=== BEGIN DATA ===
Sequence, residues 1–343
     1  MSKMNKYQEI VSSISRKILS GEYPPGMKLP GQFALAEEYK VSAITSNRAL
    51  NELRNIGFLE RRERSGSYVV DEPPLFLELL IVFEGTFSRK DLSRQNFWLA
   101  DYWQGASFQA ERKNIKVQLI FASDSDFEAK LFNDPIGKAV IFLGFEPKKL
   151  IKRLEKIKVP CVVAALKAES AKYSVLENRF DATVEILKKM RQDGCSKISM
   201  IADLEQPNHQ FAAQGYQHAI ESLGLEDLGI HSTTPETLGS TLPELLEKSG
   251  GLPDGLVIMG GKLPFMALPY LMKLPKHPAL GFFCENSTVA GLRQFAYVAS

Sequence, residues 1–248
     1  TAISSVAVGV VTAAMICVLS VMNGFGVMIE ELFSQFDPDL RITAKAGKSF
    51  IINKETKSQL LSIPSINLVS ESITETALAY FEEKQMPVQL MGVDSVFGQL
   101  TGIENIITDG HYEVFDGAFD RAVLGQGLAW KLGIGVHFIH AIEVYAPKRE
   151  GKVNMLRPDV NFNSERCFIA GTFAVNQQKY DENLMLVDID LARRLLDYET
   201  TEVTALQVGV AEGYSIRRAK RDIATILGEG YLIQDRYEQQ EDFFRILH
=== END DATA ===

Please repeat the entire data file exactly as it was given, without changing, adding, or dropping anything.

Sequence, residues 1–343
     1  MSKMNKYQEI VSSISRKILS GEYPPGMKLP GQFALAEEYK VSAITSNRAL
    51  NELRNIGFLE RRERSGSYVV DEPPLFLELL IVFEGTFSRK DLSRQNFWLA
   101  DYWQGASFQA ERKNIKVQLI FASDSDFEAK LFNDPIGKAV IFLGFEPKKL
   151  IKRLEKIKVP CVVAALKAES AKYSVLENRF DATVEILKKM RQDGCSKISM
   201  IADLEQPNHQ FAAQGYQHAI ESLGLEDLGI HSTTPETLGS TLPELLEKSG
   251  GLPDGLVIMG GKLPFMALPY LMKLPKHPAL GFFCENSTVA GLRQFAYVAS

Sequence, residues 1–248
     1  TAISSVAVGV VTAAMICVLS VMNGFGVMIE ELFSQFDPDL RITAKAGKSF
    51  IINKETKSQL LSIPSINLVS ESITETALAY FEEKQMPVQL MGVDSVFGQL
   101  TGIENIITDG HYEVFDGAFD RAVLGQGLAW KLGIGVHFIH AIEVYAPKRE
   151  GKVNMLRPDV NFNSERCFIA GTFAVNQQKY DENLMLVDID LARRLLDYET
   201  TEVTALQVGV AEGYSIRRAK RDIATILGEG YLIQDRYEQQ EDFFRILH